Things you should know before buying a used car in South Africa

 ·30 Jul 2023

In the face of rising living costs, fluctuations in interest rates, and high fuel costs, many South Africans are looking at purchasing a cost-effective pre-owned vehicle instead of a brand-new model.

Considering this, WesBank offers helpful guidance for those looking to purchase a used vehicle, providing tips on how to avoid common mistakes and navigate the pre-owned market successfully.

According to the bank, it is important to have a good understanding of a used car’s history before making a purchase. Potential buyers should gather as much information as possible about the vehicle they are interested in, focusing on important factors such as:

  • The number of previous owners;
  • Total mileage;
  • Vehicle age;
  • Possible accident history; and
  • Service history.

The bank added while it may not always be possible to obtain every detail, building a comprehensive profile helps minimise the risk of buying a problematic vehicle.

Assessing a pre-owned car’s market value is equally important, and various factors such as age, mileage, service and ownership history can impact its price.

For example, a three-year-old car with 60,000 kilometres on the clock, a full-service history, and a single owner will generally be worth more than a similar car with no service history.

To ensure a transparent and secure transaction, WesBank advises potential buyers to conduct business with reputable and approved dealers, preferably those with National Automobile Dealers’ Association (NADA) and bank approval.

“Such dealers are better positioned to provide reliable information about a vehicle’s history as well as aftersales support,” said WesBank.

Buyers should also remain cautious if they come across a vehicle advertised at a price significantly below its market value.

“Such instances might indicate issues like high mileage relative to the year model, previous accident damage, or a history of serious mechanical problems,” Wesbank noted.

Another red flag for buyers is encountering a vehicle labelled as “code 3,” an insurance term denoting a vehicle that is “permanently unfit for use” or one that has been stolen and recovered. WesBank and other financial institutions will not finance these vehicles, regardless of the reason for their classification.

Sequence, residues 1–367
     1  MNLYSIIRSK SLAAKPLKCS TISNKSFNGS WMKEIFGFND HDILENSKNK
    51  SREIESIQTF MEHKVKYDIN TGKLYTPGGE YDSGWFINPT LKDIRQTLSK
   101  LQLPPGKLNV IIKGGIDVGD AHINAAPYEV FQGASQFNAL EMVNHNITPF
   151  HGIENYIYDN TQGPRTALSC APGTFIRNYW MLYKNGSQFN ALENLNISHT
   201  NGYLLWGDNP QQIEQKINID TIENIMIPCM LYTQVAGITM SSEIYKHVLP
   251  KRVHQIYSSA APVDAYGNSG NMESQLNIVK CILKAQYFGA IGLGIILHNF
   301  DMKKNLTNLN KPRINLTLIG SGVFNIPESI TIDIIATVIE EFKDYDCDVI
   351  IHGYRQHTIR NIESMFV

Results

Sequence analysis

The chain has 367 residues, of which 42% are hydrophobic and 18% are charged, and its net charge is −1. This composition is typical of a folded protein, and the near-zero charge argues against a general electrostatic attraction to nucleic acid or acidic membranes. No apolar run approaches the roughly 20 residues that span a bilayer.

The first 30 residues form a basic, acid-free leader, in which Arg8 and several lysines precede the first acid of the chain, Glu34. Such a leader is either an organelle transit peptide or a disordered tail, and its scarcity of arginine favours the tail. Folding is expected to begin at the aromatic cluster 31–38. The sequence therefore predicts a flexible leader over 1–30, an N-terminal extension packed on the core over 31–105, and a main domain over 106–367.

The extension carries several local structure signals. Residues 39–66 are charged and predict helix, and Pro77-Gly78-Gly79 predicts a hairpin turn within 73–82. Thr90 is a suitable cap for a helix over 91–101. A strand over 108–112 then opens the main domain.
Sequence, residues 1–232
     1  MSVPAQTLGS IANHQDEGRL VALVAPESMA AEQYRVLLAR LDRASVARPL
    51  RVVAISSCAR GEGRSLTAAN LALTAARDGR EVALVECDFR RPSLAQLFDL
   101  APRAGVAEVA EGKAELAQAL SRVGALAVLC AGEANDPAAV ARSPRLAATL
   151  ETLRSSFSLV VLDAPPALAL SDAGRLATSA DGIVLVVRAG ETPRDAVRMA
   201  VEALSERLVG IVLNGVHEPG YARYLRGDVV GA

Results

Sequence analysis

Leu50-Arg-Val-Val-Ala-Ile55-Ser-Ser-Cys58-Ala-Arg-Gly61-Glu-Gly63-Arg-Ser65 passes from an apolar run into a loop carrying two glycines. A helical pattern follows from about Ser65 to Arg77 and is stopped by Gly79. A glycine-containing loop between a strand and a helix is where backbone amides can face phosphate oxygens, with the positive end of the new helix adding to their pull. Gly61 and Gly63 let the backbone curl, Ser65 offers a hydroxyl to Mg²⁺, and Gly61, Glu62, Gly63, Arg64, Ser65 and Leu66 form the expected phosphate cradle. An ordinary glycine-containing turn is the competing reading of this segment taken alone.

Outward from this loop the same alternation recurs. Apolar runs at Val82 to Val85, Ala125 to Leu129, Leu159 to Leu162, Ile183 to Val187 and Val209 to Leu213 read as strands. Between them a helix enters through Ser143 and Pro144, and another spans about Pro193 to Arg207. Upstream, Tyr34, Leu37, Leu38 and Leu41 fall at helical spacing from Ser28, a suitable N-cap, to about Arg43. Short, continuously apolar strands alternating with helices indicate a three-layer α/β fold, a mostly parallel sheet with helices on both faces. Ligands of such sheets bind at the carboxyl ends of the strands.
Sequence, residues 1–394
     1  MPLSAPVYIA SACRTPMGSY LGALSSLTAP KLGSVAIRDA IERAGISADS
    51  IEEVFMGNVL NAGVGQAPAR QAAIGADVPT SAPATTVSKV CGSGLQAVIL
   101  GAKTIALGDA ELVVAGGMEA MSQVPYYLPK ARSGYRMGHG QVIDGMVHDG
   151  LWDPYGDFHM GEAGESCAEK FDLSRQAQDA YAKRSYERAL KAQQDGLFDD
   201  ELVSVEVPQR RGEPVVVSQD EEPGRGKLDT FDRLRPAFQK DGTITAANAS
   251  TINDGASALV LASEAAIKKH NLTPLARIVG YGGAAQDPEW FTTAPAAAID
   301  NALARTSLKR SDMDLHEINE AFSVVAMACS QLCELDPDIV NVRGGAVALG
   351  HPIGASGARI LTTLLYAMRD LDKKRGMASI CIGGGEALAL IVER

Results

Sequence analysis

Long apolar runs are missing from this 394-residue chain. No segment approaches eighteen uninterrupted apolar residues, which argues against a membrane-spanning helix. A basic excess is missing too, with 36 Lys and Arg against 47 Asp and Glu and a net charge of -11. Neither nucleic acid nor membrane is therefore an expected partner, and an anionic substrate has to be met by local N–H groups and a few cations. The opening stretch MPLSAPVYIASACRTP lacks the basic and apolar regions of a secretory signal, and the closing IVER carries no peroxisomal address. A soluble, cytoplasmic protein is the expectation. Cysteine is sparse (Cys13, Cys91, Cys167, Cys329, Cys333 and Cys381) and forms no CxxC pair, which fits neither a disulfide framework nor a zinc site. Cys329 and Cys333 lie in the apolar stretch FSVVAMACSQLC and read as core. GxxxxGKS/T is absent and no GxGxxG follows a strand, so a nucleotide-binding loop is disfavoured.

To make an informed decision, buyers are encouraged to have a knowledgeable person accompany them to assess the vehicle’s condition and take it for a thorough test drive. Seeking the expertise of a trusted mechanic to examine the car before finalising the purchase is also a wise move.

Checking whether the pre-owned car is still under warranty or within its maintenance or service plan period is essential.

“If not, it is advisable to consider purchasing an extended warranty, service, or maintenance plan. These can be obtained through the dealership’s Finance and Insurance (F&I) liaison, who will facilitate the process,” the bank said.

WesBank noted that prospective buyers should also consider all the associated ownership costs.

“Affordability is a significant factor to consider, encompassing costs such as insurance, fuel, and wear-and-tear maintenance items. Particularly for older vehicles, fuel consumption and maintenance costs are essential considerations. Buyers should also be aware of the replacement costs for consumables like tyres, which can impact the overall maintenance budget,” it said.

WesBank reminds all potential buyers that reputable dealerships have F&I specialists who can tailor finance agreements to meet individual needs. Engaging with the dealership’s F&I consultant during the finance application process ensures that customers fully understand all documentation before signing.

“By following these guidelines and collaborating with trusted dealers, buyers can make informed decisions and confidently invest in their next pre-owned vehicle,” said WesBank.

Read: How much it costs to finance a R300,000 car in South Africa at current rates

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